$120,000 to be Paid in Sexual Harassment and Retaliation Lawsuit Again Accordion Partitions Manufacturer, Training Ordered

Wednesday, August 26, 2015

Question:  Would sexual harassment training have prevented this case?  See our trainings at http://www.hrclassroom.com.
Hufcor, Inc., of Janesville, Wis., the world's leading manufacturer of operable and accordion partitions, will pay $120,000 and furnish other relief under a consent decree entered in a sexual harassment and retaliation lawsuit brought by the U.S. Equal Employment Opportunity Commission (EEOC).

According to EEOC's suit, Katy Degenhardt, who worked as a machine operator at a Hufcor subsidiary, Total Quality Plastics (TQP), in North Prairie, Wis., was touched inappropriately on a regular basis by her shift coordinator for three years until he was fired in May 2012. Degenhardt repeatedly reported the harassment and the retaliation to which she was subjected to Hufcor and TQP officials, but the plant manager retaliated against her for her complaints by denying her breaks, assigning her difficult work, trying to reduce her wages, denying her advancement opportunities and taking other adverse actions.

In addition to the EEOC's claims on her behalf, Degenhardt, who intervened in EEOC's suit, alleged that Hufcor unlawfully terminated her employment in February 2013 in retaliation for her complaints about sexual harassment.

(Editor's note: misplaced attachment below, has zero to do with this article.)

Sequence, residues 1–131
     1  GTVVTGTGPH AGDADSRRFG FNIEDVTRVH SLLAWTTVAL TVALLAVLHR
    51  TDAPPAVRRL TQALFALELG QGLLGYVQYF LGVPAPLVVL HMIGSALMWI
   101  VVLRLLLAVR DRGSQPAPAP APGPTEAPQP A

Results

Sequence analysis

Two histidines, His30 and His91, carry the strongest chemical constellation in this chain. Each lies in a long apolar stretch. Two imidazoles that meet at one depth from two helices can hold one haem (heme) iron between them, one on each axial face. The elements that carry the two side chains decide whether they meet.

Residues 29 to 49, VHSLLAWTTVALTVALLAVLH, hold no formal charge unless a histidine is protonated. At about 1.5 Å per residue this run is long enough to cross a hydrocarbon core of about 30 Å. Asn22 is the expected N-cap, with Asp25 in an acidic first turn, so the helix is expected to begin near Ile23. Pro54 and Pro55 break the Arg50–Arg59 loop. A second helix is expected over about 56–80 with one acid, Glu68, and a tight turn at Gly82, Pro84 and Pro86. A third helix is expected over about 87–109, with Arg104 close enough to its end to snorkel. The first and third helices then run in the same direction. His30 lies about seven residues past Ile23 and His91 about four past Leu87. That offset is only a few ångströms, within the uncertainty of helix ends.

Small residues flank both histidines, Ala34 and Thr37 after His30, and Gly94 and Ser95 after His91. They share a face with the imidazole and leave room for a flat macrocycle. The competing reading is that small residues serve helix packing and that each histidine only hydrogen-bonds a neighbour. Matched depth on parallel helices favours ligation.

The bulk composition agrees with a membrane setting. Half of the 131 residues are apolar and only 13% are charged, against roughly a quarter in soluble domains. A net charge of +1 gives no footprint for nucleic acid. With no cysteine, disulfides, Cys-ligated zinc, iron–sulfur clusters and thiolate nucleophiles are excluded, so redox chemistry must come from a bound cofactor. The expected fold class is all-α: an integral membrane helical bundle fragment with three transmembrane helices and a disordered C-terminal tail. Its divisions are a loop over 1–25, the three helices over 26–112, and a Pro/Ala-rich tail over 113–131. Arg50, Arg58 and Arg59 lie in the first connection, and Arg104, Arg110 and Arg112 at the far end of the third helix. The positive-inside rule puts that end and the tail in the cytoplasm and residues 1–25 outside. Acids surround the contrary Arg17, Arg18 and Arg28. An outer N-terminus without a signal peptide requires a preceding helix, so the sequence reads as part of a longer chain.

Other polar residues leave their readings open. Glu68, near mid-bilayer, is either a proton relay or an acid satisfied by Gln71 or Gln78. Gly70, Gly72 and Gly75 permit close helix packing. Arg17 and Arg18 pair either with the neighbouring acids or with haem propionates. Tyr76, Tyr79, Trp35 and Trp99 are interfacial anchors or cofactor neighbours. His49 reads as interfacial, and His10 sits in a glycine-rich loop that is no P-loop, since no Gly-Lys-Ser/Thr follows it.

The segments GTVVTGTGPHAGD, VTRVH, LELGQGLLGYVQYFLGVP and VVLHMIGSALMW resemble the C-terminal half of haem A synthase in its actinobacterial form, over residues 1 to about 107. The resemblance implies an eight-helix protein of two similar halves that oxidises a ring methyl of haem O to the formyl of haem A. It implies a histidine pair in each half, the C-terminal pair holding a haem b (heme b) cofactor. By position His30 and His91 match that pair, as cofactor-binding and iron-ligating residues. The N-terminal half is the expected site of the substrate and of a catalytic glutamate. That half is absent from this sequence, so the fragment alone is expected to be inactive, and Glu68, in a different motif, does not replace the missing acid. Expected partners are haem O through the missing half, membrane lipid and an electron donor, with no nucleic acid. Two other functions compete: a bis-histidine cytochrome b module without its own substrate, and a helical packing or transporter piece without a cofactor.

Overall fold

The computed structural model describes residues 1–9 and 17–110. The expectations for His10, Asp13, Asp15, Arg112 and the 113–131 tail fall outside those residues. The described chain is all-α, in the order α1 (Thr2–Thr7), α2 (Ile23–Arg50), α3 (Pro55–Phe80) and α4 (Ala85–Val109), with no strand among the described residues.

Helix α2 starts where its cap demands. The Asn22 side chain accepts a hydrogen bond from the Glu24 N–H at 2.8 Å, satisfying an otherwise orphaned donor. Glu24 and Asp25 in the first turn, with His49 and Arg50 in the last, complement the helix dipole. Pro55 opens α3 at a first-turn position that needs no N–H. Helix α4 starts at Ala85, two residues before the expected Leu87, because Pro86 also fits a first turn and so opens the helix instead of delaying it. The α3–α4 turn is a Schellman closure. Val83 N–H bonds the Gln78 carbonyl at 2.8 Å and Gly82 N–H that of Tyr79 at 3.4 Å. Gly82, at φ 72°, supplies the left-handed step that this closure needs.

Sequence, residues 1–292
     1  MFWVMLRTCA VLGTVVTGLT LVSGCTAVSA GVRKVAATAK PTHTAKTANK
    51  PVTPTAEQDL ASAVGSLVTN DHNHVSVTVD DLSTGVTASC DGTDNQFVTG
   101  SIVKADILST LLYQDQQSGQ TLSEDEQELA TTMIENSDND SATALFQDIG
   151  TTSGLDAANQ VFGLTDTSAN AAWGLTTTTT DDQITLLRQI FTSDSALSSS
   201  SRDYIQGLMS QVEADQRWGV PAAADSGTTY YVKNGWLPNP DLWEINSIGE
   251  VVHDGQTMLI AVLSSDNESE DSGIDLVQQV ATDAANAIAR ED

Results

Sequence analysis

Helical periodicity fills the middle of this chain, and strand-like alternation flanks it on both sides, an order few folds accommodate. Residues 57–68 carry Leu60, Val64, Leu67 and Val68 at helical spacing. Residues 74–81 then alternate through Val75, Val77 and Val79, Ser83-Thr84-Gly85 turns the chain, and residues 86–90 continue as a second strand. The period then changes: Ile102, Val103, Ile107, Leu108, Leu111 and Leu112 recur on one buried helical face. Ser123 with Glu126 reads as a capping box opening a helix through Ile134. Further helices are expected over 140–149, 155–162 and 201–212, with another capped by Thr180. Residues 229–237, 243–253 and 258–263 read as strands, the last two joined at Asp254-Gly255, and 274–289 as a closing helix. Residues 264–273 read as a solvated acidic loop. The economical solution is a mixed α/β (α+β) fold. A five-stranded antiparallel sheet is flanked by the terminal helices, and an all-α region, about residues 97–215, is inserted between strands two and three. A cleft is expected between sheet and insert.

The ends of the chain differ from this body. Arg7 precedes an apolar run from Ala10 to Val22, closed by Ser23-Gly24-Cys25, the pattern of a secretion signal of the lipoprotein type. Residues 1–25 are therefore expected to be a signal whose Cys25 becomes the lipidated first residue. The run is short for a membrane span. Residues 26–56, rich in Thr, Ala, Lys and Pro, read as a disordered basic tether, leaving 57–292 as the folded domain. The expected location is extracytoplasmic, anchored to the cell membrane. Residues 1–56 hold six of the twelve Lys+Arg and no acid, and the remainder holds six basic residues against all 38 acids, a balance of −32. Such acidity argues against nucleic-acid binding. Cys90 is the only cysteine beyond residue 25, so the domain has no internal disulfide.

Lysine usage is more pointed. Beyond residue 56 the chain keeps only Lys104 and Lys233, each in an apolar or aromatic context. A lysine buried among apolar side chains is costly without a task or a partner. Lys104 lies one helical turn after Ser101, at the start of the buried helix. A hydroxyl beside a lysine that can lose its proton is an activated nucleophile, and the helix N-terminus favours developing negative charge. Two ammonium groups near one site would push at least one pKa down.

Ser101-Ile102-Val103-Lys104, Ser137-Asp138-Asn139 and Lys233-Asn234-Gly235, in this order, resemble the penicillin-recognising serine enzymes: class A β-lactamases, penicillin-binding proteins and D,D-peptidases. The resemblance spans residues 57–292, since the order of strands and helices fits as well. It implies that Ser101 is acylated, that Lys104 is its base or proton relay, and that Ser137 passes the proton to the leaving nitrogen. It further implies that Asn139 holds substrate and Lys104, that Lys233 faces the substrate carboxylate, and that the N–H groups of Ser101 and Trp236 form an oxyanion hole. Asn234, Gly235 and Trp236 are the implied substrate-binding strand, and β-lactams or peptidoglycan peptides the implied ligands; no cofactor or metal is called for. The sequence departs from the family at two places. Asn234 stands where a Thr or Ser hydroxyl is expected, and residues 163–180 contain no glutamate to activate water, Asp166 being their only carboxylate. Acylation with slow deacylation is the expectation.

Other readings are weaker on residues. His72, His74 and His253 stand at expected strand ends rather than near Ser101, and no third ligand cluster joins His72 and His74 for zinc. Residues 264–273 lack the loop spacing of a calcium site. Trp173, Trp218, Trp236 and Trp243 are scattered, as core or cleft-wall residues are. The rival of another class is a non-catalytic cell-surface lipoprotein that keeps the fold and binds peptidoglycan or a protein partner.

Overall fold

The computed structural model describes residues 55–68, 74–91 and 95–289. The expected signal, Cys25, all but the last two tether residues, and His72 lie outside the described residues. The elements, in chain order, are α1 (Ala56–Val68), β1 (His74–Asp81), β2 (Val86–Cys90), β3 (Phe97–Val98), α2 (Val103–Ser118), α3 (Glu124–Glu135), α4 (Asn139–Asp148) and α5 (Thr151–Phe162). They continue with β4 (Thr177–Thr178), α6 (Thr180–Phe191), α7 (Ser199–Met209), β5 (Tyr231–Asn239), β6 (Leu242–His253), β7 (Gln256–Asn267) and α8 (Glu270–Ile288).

Sexual harassment and retaliation for complaining about it violate Title VII of the Civil Rights Act of 1964.   The EEOC filed suit (EEOC and Katy Degenhardt v. Hufcor, Inc., d/b/a Total Quality Plastics, No. 2:14-cv-1186), filed in U.S. District Court for the Eastern District of Wisconsin in Milwaukee in September 2014 after first trying to reach a pre-litigation settlement through its conciliation process.  

The consent decree entered by U.S. District Judge Lynn Adelman on August 14, 2015, prohibits future discrimination and provides that Hufcor will pay $120,000 to Degenhardt and train its managers and employees regarding an employer's obligations and the rights of employees under Title VII.

According to its website, Hufcor is a privately held U.S.A. corporation and is the world's leading manufacturer of operable and accordion partitions. Its TQP subsidiary closed in November 2013.

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